Fun Savannah Monitor Facts For Kids

Moumita Dutta
Feb 13, 2023 By Moumita Dutta
Originally Published on Aug 05, 2021
Edited by Monisha Kochhar
Fact-checked by Yashvee Patel
Savannah Monitor facts are about a robust reptile that is native to Africa.
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Age: 3-18
Read time: 8.9 Min

The Savannah Monitor is a reptile that is native to Africa, they are very common and widespread. They are fond of basking and hunting, the only two priorities of their life.

A common Savannah Monitor habitat mainly includes savannahs and grasslands, and they prey on small insects and mammals. The Savannah Monitor growth rate is very rapid and it gains maturity at the age of two years.

They can change their skin color according to the substrate, known as the ability to camouflage. A male Savannah Monitor is comparatively bigger than a female, and the base of their tail has a distinctive hemipenes bulge which may help you distinguish between your monitors.

They are considered to be tameable. However, to tame a Savannah Monitor, perseverance is necessary as grabbing and expecting them to not bite is not possible.

Handling and approaching slowly is recommended. Humans hunt them for the pet trade, leather, and for some other commercial purposes.

A Savannah monitor makes a good pet, and these days they are very common pets. But caring for them and providing them with their diet and habitat is of utmost importance.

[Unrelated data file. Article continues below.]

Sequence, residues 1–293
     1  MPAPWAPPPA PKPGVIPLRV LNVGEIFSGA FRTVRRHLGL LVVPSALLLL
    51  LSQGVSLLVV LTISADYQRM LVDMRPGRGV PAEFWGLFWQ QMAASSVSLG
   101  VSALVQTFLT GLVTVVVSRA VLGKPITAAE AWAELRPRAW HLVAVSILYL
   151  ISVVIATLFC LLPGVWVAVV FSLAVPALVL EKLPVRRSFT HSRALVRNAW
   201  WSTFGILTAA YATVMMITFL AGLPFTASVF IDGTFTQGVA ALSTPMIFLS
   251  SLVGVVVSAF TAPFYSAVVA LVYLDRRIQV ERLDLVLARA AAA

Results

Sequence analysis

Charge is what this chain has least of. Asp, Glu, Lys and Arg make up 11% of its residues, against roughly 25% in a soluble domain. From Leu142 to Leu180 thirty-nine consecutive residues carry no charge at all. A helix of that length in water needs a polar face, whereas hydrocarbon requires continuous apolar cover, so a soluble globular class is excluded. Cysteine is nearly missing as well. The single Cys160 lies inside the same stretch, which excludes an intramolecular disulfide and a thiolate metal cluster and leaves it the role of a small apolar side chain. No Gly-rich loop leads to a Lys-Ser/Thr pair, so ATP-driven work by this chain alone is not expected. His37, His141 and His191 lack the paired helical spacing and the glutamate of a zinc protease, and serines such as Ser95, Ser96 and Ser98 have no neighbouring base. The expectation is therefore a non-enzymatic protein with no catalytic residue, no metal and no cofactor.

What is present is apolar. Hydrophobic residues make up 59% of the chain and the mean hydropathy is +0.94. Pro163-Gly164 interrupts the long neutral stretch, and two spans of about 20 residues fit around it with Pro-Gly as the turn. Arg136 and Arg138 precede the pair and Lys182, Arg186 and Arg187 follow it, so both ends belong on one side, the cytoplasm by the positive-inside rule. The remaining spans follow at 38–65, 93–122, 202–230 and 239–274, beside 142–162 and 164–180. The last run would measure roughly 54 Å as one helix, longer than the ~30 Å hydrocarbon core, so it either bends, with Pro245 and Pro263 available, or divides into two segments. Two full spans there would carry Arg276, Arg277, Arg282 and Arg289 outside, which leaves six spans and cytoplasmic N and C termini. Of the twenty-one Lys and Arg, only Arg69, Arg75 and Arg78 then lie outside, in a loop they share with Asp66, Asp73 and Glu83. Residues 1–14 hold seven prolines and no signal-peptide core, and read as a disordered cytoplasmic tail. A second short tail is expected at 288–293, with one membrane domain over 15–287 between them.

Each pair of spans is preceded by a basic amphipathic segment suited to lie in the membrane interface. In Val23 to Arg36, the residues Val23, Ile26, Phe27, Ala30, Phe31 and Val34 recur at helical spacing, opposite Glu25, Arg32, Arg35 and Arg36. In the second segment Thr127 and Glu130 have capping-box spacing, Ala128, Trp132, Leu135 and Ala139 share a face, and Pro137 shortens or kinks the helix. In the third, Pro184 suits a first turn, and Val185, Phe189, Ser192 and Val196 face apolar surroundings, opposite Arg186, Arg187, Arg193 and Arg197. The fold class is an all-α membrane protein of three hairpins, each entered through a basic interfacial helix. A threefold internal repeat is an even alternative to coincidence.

A Savannah Monitor enclosure should have proper lighting, enough space for them to roam around, space for basking, and the humidity should be checked. A Savannah Monitor's price is $20 or more depending on their quality.

To know more about these fascinating animals, we have gathered a set of interesting facts about them for you to read. You can also read up more articles on a sand lizard and caiman lizard.

Savannah Monitor Interesting Facts

What type of animal is a Savannah Monitor?

Savannah Monitors are a type of lizard that belongs to the family of Varanidae and are mainly found in Savannahs.

What class of animal does a Savannah Monitor belong to?

Savannah Monitors belong to the class of reptiles, which is also known as Reptilia in scientific terms.

How many Savannah Monitors are there in the world?

There's no such exact number as to how many Savannah Monitors exist in the world.

Where does a Savannah Monitor live?

The Savannah Monitor or the Varanus exanthematicus lives in the savannah or grasslands. Savannah Monitors are native to Africa specifically, the east of Senegal and Sudan, which is complete sub-Saharan Africa and south of it, up until the Rift Valley and the Congo River.

What is a Savannah Monitor's habitat?